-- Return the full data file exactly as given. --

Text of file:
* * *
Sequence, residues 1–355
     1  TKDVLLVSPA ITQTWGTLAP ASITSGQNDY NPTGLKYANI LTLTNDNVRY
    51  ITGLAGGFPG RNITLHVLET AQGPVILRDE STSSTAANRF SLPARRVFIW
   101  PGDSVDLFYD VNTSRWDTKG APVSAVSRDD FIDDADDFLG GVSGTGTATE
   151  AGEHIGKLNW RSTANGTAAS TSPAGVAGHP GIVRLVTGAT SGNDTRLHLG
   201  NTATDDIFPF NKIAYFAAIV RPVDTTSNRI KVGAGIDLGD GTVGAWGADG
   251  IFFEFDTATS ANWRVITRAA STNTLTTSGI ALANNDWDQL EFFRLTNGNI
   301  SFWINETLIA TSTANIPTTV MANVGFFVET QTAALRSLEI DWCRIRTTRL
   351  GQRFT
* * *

Sequence, residues 1–355
     1  TKDVLLVSPA ITQTWGTLAP ASITSGQNDY NPTGLKYANI LTLTNDNVRY
    51  ITGLAGGFPG RNITLHVLET AQGPVILRDE STSSTAANRF SLPARRVFIW
   101  PGDSVDLFYD VNTSRWDTKG APVSAVSRDD FIDDADDFLG GVSGTGTATE
   151  AGEHIGKLNW RSTANGTAAS TSPAGVAGHP GIVRLVTGAT SGNDTRLHLG
   201  NTATDDIFPF NKIAYFAAIV RPVDTTSNRI KVGAGIDLGD GTVGAWGADG
   251  IFFEFDTATS ANWRVITRAA STNTLTTSGI ALANNDWDQL EFFRLTNGNI
   301  SFWINETLIA TSTANIPTTV MANVGFFVET QTAALRSLEI DWCRIRTTRL
   351  GQRFT